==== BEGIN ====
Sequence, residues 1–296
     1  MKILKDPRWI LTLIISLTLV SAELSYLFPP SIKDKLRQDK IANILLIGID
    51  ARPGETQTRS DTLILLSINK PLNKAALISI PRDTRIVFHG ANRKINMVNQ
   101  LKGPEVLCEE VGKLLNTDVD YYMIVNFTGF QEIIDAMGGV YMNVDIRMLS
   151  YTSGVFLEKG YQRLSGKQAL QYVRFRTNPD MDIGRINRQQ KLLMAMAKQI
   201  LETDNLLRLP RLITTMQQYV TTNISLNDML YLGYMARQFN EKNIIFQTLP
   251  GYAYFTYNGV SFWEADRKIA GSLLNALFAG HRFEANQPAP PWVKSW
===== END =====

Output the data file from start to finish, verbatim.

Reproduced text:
Sequence, residues 1–296
     1  MKILKDPRWI LTLIISLTLV SAELSYLFPP SIKDKLRQDK IANILLIGID
    51  ARPGETQTRS DTLILLSINK PLNKAALISI PRDTRIVFHG ANRKINMVNQ
   101  LKGPEVLCEE VGKLLNTDVD YYMIVNFTGF QEIIDAMGGV YMNVDIRMLS
   151  YTSGVFLEKG YQRLSGKQAL QYVRFRTNPD MDIGRINRQQ KLLMAMAKQI
   201  LETDNLLRLP RLITTMQQYV TTNISLNDML YLGYMARQFN EKNIIFQTLP
   251  GYAYFTYNGV SFWEADRKIA GSLLNALFAG HRFEANQPAP PWVKSW